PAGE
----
Water security in a dry land

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Water security in a dry land

Durango’s right to 1.6% of Lake Nighthorse water provides options
Durango holds the rights to 1.6 percent of Lake Nighthorse’s water, which City Manager Ron LeBlanc says offers “a secure source of water forever.”
Daryl Crites, a surveyor, stakes an access road at the Twin Buttes development off west U.S. Highway 160 on Monday. City officials say water from Lake Nighthorse gives the city options to handle growth.
Former Gov. Bill Ritter, right, thanks Fred Kroeger of Durango, for his years of involvement with the Animas-La Plata Project, during a ceremony in June 2010 at Lake Nighthorse. City Manager Ron LeBlanc says Durango’s share of Lake Nighthorse water means the city can now store the water it owns.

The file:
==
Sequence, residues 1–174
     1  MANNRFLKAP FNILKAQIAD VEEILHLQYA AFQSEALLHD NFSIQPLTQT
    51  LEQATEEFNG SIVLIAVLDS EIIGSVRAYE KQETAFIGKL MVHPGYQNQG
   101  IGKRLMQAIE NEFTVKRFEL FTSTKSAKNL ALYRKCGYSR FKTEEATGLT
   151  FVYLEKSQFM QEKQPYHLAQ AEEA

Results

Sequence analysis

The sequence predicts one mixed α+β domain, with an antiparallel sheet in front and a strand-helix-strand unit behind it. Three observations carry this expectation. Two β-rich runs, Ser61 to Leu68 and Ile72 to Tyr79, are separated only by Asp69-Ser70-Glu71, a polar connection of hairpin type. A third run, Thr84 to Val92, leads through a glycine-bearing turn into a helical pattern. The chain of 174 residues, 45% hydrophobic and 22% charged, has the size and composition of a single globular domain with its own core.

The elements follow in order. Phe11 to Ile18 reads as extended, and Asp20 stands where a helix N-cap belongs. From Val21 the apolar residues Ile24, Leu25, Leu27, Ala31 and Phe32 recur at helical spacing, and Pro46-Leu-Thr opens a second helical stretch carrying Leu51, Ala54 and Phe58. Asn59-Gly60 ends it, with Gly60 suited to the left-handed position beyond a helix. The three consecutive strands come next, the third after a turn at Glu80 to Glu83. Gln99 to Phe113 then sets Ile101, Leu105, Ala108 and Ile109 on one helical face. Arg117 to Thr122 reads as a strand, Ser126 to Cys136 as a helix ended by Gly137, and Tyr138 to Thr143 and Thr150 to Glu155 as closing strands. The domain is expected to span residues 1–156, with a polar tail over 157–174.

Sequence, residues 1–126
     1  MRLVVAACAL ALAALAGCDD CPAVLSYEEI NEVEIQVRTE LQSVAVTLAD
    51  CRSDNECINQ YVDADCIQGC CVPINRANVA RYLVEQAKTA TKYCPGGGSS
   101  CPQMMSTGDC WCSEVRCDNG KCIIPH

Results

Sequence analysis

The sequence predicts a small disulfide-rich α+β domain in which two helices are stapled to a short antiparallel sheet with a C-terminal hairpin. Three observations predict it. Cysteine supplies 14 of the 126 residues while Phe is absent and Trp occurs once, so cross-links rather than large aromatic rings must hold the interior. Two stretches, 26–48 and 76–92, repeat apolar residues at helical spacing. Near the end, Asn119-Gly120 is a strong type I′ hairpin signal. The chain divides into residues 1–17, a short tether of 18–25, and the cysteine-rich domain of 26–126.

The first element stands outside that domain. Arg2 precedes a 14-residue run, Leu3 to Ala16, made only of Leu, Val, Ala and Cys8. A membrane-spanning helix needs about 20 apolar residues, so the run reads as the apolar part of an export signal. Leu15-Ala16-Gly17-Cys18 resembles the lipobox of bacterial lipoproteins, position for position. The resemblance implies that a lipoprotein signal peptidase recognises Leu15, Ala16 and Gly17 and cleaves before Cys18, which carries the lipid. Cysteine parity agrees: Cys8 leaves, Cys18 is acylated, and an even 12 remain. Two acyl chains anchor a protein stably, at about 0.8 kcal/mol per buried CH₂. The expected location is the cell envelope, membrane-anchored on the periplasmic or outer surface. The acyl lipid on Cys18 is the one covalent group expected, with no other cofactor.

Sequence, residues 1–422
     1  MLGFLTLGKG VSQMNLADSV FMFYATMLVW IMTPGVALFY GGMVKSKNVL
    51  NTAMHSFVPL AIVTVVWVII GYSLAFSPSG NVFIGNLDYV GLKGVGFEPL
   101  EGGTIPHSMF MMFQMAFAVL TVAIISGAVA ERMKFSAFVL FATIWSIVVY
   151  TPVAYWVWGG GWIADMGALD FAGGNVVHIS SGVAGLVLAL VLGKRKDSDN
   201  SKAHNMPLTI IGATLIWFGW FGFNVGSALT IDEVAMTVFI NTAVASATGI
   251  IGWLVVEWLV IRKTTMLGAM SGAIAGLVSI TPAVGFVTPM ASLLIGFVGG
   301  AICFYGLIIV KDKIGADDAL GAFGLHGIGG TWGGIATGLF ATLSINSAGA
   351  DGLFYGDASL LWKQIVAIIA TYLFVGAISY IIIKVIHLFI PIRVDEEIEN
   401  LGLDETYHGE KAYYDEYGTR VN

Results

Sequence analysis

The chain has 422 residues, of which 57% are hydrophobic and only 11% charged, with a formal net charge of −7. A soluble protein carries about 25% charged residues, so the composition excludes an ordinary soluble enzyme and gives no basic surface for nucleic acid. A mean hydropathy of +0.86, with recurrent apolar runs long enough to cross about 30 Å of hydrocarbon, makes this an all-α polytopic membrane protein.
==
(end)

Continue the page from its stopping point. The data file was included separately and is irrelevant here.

Water security in a dry land

Durango holds the rights to 1.6 percent of Lake Nighthorse’s water, which City Manager Ron LeBlanc says offers “a secure source of water forever.”
Daryl Crites, a surveyor, stakes an access road at the Twin Buttes development off west U.S. Highway 160 on Monday. City officials say water from Lake Nighthorse gives the city options to handle growth.
Former Gov. Bill Ritter, right, thanks Fred Kroeger of Durango, for his years of involvement with the Animas-La Plata Project, during a ceremony in June 2010 at Lake Nighthorse. City Manager Ron LeBlanc says Durango’s share of Lake Nighthorse water means the city can now store the water it owns.
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